My First Beer: How I Started Homebrewing
I remember my first beer. I dumped it down the drain.
I brewed my first beer as a way to deal with something extremely personal. Growing up in Aurora and becoming involved in the aftermath of the theatre shooting, I needed something in my life that could center me and get me through a dark depression. On August 2nd, 2012, I attended “A Night to Remember” Beer Festival as a way to get out of the house, and to be with others that were hurting. It was at the festival that I learned about Alex Teves, about craft beer, and about homebrewing.
Unfortunately, the beer was undrinkable and infected. I remember the faces my dad and I made after taking our first sip, and then our second sip, thinking maybe that’s what homebrewed beer tasted like. I dumped five gallons of Dry Dock’s Vanilla Porter Clone down the drain and went back to the homebrew shop to buy another kit. I dumped that beer, too.
Frustrated with spending so much money on equipment, books, and ingredients, I turned to the internet for answers, which only confused and irritated me. While the internet is full of great information, it’s also full of bad opinions and incorrect facts. Separating out what worked and what didn’t was hard for me, so I’m grateful that I met Win.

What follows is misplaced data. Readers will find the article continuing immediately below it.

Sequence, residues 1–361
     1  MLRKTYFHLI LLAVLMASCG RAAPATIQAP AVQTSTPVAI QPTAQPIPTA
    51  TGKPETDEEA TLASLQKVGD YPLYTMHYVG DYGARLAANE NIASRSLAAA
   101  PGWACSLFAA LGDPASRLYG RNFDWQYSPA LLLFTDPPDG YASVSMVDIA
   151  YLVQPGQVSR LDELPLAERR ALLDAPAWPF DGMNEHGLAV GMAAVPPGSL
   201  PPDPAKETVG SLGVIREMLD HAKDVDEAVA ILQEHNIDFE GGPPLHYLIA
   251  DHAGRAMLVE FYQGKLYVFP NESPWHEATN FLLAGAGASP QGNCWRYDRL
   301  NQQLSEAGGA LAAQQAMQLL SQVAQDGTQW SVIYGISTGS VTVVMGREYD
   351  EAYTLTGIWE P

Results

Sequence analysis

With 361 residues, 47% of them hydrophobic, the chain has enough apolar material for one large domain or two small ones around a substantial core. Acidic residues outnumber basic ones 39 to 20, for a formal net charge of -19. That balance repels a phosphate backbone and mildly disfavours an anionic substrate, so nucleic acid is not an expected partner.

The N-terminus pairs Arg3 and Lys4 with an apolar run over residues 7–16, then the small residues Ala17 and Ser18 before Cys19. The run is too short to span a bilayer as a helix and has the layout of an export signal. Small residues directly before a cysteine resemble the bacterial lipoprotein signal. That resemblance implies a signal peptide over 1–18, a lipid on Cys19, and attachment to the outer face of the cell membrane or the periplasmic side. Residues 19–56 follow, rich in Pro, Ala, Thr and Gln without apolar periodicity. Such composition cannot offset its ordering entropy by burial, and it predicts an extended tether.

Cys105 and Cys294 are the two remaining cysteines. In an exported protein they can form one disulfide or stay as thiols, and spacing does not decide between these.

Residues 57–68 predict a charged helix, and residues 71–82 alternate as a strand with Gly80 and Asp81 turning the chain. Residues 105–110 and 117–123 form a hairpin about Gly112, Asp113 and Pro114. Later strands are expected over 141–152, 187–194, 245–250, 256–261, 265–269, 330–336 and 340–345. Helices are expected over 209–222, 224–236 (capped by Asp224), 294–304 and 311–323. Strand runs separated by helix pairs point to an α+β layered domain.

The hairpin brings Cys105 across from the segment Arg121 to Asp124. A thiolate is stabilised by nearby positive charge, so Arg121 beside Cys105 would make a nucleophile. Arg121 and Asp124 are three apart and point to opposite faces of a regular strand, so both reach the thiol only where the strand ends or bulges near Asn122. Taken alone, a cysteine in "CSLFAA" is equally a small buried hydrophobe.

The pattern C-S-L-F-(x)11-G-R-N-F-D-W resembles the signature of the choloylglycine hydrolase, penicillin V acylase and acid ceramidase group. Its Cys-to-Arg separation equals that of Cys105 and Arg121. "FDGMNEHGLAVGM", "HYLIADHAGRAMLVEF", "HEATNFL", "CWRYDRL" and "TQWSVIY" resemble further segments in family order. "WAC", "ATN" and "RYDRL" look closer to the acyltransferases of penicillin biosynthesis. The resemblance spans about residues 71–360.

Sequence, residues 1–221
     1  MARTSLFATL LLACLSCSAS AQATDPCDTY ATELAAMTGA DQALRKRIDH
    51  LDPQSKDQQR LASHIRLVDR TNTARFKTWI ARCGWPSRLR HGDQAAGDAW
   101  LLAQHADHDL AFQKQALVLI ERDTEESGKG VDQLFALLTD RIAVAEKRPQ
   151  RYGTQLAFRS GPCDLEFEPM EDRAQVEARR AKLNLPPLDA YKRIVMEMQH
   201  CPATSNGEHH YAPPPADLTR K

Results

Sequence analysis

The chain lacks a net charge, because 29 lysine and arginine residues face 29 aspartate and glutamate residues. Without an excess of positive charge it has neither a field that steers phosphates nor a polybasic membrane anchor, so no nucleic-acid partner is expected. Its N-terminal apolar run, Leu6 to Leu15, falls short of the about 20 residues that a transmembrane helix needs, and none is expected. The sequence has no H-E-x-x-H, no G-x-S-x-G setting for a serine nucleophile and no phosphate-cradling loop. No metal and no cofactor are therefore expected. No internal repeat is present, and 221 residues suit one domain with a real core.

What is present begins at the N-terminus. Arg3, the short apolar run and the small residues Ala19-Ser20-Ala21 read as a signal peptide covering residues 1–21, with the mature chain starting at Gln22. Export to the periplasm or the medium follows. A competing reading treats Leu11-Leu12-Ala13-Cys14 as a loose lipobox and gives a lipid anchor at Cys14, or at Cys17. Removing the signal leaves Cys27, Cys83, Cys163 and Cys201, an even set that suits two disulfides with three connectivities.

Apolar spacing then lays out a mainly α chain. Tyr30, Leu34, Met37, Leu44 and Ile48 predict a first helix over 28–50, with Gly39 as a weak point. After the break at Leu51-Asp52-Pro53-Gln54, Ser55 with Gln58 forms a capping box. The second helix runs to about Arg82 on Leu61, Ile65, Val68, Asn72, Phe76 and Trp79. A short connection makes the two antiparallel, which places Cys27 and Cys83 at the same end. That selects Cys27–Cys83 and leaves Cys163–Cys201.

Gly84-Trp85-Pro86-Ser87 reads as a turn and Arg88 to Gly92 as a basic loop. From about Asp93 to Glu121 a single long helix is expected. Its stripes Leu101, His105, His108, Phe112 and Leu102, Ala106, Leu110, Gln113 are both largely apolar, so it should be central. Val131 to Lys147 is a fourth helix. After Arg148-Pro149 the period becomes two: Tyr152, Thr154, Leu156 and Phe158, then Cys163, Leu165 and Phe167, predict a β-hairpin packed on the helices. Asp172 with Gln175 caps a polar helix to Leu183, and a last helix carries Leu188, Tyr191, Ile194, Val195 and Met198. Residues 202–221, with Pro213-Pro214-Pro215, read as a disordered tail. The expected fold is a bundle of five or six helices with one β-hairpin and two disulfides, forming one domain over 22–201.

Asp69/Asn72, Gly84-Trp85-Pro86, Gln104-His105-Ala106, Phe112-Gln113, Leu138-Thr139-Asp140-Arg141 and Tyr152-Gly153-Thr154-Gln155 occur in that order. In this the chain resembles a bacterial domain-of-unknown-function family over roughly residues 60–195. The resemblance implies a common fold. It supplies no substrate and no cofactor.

Win moved to Colorado from California, where he had been brewing for 14+ years. We met at work and quickly became friends. He taught me how to brew using simple instructions and made it relatable. I was never really good at science in school, so when he started talking about temperature rests and water chemistry, he explained why we were doing it and why it mattered. He also taught me about “no chill.”
No chill brewing simply means that you don’t cool the wort down immediately after boiling. This technique saved my beers. In the three years that I have been homebrewing, I haven’t made a single infected beer. While “no chilling” is not practical at the professional level, it is incredibly convenient at the homebrew level. It’s beneficial because it significantly limits the potential for infection due to the small amount of time it takes to crack open the lid and pitch the yeast.
To get started, all you need is a HDPE (high-density polyethylene) ale pail and a straining bag that fits over your bucket. Once the boil is done, simply dump all of your wort into the bucket, then pull the bag out. From here, seal the lid onto the top of the bucket, put an airlock on, and place it in a cool room. Once the beer has sat overnight, pitch the yeast and wait*.
Every beer I have made since utilizing this process has been clear. I use Irish Moss and cold crashing in a keg and have never gotten botulism. I’ve won a few awards, including for an American Light Lager. Each time I am asked about no chill brewing, my best answer is this: Try it. I have converted a few members of our club —it’s easier, it costs less money, and it saves water. Instead of buying hop and grain socks, I wash out my mesh bag. I also compost all of my spent grain and hops in my backyard. This method is essentially Brew-In-A-Bag, but reversed and with no chiller. If you’d like to try any of my beers, send me an email or stop by a Fermentologists meeting. You can find all of our information on Facebook or on the website.
*Note: Since the wort remains warmer for a longer period of time, some brewers throw hops in later during the boil by adding 20 minutes to the hop schedule